4. S&T BECAME CORE OF DECISION MAKING, CLAIMED INCREASED MEDIA SPACE, GAINED PUBLICTRUST
‘Science’ and ‘Science-Advice’ became the core of decision making. The share of scientific and science-informed debates inmainstream media jumped manifold, and the confidence of general population and trust in Science & Technology increased significantly.
Seamless industry-academia collaborations and inter-disciplinary partnerships ledto quicker solutions and products in an energised STI ecosystem in 2020.
- DST’S PROGRAMMES TRIGGERED EXTRAORDINARY PERFORMANCE OF INNOVATION ECOSYSTEM
The National Initiative for Developing and Harnessing Innovation (NIDHI) made some major impacts on India’s Innovation ecosystem by nurturing 3,681 startups through a network of 153 incubators created by DST, which generated 65,864 jobs as cumulative direct employment, created a wealth of Rs 27,262 crores and generated 1,992 intellectual property.
The “Million Minds Augmenting National Aspirations and Knowledge (MANAK)” programme brought 3.8 mn ideas from middle and high schools across the country, out of which some brilliant ones have been shortlisted for showcasing at district, state and then at the National Level Exhibition & Project Competition.
- A VICTORIOUS MARCH TO COMBAT COVID 19
The collective strength and power of NIDHI, its incubator network and its startups was tested successfully during the COVID-19 pandemic through the “Centre for Augmenting WAR with COVID-19 Health Crisis (CAWACH)” program by supporting various solutions to resolve the crisis. The efforts of CAWACH to scout, evaluate and support the innovations and startups that address COVID-19 challenges led to a slew of technologies, diagnostics & drugs, disinfectants & sanitizers, ventilators & medical equipment, PPEs and informatics as solutions to contain, treat and manage the pandemic.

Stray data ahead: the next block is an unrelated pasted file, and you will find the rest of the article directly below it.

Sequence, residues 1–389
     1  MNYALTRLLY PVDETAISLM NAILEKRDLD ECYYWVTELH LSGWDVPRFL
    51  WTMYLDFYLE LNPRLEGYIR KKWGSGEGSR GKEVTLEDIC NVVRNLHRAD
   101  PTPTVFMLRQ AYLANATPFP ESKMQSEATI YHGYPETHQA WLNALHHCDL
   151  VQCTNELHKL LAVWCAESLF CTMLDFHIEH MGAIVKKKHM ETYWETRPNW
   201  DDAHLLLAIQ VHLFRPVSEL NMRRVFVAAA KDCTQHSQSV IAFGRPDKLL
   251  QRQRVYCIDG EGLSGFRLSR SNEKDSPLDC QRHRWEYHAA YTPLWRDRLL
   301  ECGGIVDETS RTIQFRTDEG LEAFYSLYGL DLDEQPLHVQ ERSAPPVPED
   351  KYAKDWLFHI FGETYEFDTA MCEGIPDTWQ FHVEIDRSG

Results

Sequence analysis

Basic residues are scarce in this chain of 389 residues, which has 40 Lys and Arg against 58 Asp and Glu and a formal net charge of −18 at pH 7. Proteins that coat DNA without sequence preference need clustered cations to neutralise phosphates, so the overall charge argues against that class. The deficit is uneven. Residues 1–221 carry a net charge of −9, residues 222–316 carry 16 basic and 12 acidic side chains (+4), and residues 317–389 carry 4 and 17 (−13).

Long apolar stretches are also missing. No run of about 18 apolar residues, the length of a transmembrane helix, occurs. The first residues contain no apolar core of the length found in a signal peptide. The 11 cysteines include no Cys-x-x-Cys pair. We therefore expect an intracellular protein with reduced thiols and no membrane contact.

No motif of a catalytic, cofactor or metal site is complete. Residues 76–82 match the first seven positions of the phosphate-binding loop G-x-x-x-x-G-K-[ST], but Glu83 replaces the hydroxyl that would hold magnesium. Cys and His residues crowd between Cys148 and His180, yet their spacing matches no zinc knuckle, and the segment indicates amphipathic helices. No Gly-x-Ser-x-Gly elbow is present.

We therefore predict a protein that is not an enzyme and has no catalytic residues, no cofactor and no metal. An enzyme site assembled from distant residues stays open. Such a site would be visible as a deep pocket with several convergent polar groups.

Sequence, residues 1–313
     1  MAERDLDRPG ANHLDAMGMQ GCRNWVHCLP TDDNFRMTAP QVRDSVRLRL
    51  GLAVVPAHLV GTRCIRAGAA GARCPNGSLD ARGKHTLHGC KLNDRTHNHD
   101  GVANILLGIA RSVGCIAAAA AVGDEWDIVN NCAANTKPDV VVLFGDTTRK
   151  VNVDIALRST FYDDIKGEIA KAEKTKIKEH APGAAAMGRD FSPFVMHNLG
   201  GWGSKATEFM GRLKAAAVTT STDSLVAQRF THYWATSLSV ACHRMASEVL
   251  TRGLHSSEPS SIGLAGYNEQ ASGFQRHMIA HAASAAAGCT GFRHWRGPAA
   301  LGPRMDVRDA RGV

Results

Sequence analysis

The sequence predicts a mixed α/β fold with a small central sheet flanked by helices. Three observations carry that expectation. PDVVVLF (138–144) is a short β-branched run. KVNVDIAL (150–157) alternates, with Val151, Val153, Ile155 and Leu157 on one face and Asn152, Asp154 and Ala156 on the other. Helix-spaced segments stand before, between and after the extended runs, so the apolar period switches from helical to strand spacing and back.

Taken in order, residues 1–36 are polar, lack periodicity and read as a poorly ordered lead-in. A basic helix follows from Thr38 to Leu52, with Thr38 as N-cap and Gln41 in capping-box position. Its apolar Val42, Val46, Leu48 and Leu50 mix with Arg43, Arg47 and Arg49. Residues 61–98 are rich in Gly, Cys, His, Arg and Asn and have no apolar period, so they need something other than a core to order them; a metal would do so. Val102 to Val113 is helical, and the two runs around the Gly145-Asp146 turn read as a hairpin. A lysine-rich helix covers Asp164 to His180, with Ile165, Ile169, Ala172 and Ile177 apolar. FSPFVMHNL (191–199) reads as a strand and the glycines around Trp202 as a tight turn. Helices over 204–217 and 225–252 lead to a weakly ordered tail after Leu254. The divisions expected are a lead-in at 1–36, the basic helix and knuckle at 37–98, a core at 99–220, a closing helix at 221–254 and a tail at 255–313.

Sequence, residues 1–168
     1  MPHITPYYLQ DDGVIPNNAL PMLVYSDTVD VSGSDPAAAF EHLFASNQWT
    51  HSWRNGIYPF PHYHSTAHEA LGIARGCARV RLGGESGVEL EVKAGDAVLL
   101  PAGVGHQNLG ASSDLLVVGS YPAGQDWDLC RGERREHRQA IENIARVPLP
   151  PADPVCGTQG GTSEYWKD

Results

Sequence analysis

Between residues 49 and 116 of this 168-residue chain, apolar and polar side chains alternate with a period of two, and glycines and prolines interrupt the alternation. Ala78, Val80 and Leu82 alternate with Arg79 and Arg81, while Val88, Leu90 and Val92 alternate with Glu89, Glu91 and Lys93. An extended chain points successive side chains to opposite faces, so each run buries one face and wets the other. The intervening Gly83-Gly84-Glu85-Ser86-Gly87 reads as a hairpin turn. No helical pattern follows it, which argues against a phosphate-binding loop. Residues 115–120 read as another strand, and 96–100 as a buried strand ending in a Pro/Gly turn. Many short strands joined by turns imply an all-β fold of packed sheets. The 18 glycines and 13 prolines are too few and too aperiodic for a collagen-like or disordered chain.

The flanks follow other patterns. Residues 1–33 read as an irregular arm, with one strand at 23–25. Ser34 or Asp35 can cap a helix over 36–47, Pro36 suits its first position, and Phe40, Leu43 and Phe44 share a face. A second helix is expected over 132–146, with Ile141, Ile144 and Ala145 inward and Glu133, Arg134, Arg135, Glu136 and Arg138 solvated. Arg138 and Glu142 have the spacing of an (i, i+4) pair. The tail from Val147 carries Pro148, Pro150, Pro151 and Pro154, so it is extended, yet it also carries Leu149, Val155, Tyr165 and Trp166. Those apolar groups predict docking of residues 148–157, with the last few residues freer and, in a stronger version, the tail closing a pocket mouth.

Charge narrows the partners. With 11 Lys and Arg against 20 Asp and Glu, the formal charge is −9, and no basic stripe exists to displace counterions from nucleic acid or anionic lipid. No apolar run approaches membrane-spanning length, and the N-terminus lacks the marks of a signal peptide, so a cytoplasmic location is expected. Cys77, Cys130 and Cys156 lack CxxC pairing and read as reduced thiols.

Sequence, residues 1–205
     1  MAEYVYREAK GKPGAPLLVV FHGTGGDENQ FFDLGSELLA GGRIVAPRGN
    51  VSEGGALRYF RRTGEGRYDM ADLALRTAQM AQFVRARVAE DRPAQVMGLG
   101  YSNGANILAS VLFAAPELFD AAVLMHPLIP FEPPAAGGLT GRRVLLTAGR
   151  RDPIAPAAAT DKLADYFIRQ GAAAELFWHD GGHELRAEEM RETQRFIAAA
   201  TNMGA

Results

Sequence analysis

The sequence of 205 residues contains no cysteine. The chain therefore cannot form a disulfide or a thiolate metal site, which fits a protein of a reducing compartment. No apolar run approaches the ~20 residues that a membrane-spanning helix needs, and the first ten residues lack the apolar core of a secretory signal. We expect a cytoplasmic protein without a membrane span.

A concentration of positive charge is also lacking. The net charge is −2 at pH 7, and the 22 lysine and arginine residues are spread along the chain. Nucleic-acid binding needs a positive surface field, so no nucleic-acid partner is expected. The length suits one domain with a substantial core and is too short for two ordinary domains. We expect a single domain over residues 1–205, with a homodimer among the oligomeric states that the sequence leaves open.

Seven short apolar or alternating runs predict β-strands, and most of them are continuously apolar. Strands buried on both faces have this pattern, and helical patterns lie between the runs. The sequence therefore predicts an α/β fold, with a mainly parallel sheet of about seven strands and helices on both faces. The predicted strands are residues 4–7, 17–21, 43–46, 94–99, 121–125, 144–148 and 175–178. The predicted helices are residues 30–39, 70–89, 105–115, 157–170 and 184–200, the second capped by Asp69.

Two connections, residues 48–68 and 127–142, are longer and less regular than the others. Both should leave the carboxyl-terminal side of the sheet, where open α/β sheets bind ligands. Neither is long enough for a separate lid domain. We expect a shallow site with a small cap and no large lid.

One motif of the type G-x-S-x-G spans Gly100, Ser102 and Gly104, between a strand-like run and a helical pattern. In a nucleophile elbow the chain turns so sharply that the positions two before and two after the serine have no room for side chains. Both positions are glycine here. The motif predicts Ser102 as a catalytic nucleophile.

- MATHEMATICAL MODEL PREDICTS THE RISE AND FALL OF THE PANDEMIC
India National Supermodel Committee predicted the rise and fall of the pandemic over time. The modelling study called the ‘COVID-19 India National Supermodel’ deduced that India passed its COVID-19 peak in September and,if current trends continue, there will be ‘minimal cases’ by February.
However, they warned that there is no place for complacence and existing personal safety protocols need tocontinue in full measure. The deduction is the result of analysis by an expert committee consisting of mathematicians and epidemiologists.
- SUPERCOMPUTING POWERESCALATED, MANUFACTURE INDIGENIZED: NATIONAL SUPERCOMPUTER MISSION
The National Super Computing Mission (NSM) is rapidly boosting High-Performance Computing (HPC) in the country to meet the increasing computational demands of academia, researchers, MSMEs,and startups in oil exploration, flood prediction, genomics, and drug discovery. Param Shivay, the first supercomputer assembled indigenously, was installed in IIT (BHU), followed by Param Shakti and Param Brahma at IIT-Kharagpur and IISER, Pune, respectively. Thereafter facilities were set up in two more institutions, and MoUs signed for providing itto 13 institutions. Param Siddhi the high-performance computing-artificial intelligence (HPC-AI) achieved global ranking of 63 among the top 500 most powerful non-distributed computer systems.